The Custom House

Dublin is a charming city and a burgeoning technology hub, but it also has special significance for anyone whose work involves making sense of data, since William Sealy Gosset was working as the head brewer at Guinness when he developed the t-statistic. Last week, Dublin had extra special significance for anyone whose work involves using Apache Spark for data processing. Our group at Red Hat gave three talks at Spark Summit EU this year, and videos of these are now online. You should check them out!

A lot of the work we discussed is available from radanalytics.io or from the Isarn project; if you’d like to see other talks about data science, distributed computing, and best practices for contemporary intelligent applications, you should see our team’s list of presentations.

I’m giving a talk this afternoon at Spark Summit EU on extending Spark with new machine learning algorithms. Here are some additional resources and links:

  • Our team’s Silex library is where I’ve published my ongoing work to develop a self-organizing map implementation for Spark and to extend it with support for data frames and ML pipelines
  • I gave a talk about using self-organizing maps in Spark last year at Spark Summit
  • If you like the idea of developing new ML techniques on Spark, you’ll also want to attend a session tomorrow in which my friend and teammate Erik Erlandson will be talking about using his parallel t-digest implementation to support feature importance and other applications.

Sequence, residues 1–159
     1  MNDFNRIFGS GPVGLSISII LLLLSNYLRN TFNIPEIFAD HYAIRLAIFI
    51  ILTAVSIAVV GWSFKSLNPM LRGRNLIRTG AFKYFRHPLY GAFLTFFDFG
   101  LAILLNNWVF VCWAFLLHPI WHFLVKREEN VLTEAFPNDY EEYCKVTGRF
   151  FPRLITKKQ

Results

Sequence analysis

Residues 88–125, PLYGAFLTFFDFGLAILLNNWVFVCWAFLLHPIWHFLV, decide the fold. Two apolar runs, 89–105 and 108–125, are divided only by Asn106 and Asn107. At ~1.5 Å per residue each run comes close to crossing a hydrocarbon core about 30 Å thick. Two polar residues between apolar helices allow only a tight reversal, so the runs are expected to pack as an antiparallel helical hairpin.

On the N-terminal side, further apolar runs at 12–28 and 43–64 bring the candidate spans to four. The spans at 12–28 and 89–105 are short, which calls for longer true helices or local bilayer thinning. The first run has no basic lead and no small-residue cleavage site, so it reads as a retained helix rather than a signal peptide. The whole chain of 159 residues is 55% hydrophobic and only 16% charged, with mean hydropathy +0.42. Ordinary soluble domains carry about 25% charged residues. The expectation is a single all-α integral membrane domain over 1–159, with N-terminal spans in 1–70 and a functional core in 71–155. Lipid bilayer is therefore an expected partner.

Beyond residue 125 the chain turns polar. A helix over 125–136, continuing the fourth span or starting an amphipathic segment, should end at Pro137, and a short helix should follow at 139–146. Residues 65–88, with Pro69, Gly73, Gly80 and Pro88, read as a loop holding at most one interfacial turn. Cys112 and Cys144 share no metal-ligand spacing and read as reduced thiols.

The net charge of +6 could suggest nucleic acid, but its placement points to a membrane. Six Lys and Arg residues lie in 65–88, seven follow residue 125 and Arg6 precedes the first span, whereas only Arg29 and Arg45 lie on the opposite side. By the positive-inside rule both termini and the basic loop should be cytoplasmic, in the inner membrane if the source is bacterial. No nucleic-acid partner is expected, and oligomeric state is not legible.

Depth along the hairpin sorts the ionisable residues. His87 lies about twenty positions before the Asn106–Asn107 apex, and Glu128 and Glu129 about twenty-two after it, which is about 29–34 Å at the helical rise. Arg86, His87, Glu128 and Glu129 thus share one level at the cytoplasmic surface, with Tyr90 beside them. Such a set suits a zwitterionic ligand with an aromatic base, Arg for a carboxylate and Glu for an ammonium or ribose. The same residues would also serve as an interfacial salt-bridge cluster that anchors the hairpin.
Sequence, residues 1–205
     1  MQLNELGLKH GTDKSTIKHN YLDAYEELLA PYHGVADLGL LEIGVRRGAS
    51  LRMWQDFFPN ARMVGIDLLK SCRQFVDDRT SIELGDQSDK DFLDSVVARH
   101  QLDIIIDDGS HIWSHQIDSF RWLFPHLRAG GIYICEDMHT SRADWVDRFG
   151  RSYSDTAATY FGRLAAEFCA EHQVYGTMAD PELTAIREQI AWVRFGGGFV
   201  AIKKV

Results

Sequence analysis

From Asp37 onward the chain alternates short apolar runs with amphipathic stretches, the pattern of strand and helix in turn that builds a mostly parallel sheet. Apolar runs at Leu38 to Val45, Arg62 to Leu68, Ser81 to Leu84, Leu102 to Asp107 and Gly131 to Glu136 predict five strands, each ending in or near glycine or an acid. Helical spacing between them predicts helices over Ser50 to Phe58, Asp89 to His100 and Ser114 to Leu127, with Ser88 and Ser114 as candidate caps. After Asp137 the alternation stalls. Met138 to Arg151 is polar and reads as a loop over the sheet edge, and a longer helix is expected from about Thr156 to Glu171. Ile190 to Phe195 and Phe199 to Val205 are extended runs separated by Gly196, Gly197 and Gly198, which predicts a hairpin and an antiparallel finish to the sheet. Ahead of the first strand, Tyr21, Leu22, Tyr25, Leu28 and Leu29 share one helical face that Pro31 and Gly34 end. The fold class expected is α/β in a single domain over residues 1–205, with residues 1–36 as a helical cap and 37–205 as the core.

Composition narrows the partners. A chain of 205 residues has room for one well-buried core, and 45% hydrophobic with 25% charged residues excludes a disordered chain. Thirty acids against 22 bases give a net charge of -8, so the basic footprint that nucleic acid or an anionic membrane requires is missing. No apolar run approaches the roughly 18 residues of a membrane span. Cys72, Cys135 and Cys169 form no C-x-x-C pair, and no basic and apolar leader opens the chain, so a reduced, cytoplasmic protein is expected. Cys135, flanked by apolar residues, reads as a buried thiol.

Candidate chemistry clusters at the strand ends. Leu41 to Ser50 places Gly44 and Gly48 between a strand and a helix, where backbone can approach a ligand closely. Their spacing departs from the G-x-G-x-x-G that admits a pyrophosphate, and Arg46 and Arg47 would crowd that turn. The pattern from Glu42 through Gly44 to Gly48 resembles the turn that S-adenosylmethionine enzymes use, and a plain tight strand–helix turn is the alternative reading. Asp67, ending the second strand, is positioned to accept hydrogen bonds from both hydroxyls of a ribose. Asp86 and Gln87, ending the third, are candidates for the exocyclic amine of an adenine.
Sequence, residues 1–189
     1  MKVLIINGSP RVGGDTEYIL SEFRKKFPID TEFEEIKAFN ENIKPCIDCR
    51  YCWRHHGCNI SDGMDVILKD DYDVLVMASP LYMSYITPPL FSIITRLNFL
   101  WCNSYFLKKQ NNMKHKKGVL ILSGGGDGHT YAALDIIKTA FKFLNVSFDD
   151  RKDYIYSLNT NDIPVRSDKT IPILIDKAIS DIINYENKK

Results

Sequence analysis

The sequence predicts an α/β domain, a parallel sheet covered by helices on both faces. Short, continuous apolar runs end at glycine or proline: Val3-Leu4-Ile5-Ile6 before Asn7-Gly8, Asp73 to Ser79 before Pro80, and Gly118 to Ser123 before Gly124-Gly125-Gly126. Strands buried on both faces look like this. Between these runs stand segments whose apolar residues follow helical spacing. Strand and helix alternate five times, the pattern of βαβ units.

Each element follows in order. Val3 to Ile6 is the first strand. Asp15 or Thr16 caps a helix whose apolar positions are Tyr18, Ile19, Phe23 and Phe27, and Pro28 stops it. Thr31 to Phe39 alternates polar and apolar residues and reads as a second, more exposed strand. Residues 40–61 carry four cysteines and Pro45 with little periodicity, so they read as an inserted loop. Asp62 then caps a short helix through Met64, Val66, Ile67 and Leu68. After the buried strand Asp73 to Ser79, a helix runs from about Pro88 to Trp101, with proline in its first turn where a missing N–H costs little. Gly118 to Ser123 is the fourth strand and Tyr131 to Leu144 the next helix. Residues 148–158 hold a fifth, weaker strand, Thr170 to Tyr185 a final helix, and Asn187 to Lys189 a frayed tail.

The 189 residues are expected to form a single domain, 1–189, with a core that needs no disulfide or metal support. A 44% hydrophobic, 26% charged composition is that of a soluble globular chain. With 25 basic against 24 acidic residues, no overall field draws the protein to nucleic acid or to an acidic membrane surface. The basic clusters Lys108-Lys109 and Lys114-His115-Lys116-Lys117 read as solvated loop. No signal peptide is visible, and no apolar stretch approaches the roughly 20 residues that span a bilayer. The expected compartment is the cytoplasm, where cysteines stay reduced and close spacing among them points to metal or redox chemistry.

• Finally, if you’re doing anything where parallelism and scale matter, especially in a cloud-native environment, you should also check out Mike McCune’s talk on Spark monitoring and metrics.

I’m speaking this morning at the OpenShift Commons Gathering about my team’s experience running Apache Spark on Kubernetes and OpenShift. Here are some links to learn more:

I’ll be speaking about Spark on Kubernetes at Spark Summit EU this week. The main thesis of my talk is that the old way of running Spark in a dedicated cluster that is shared between applications makes sense when analytics is a separate workload. However, analytics is no longer a separate workload – instead, analytics is now an essential part of long-running data-driven applications. This realization motivated my team to switch from a shared Spark cluster to multiple logical clusters that are co-scheduled with the applications that depend on them.

I’m glad for the opportunity to get together with the Spark community and present on some of the cool work my team has done lately. Here are some links you can visit to learn more about our work and other topics related to running Spark on Kubernetes and OpenShift:

I’m delighted to have a chance to present at HTCondor Week this year and am looking forward to seeing some old friends and collaborators. The thesis of my talk is that HTCondor users who aren’t already leading data science initiatives are well-equipped to start doing so. The talk is brief and high-level, so here are a few quick links to learn more if you’re interested:

I also gave a quick overview of some of my team’s recent data science projects; visit these links to learn more:

As I mentioned earlier, I’ll be talking about feature engineering and outlier detection for infrastructure log data at Apache: Big Data next week. Consider this post a virtual handout for that talk. (I’ll also be presenting another talk on scalable log data analysis later this summer. That talk is also inspired by my recent work with logs but will focus on different parts of the problem, so stay tuned if you’re interested in the domain!)

Some general links: